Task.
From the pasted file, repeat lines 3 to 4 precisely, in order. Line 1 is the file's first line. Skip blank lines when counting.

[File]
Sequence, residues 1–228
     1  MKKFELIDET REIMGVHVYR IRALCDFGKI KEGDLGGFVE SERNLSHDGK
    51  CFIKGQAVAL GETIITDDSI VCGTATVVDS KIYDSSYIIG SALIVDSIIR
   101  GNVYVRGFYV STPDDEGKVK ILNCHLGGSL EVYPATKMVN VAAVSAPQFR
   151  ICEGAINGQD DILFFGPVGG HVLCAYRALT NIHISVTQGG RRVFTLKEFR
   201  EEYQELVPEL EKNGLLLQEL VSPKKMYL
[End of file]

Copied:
    51  CFIKGQAVAL GETIITDDSI VCGTATVVDS KIYDSSYIIG SALIVDSIIR
   101  GNVYVRGFYV STPDDEGKVK ILNCHLGGSL EVYPATKMVN VAAVSAPQFR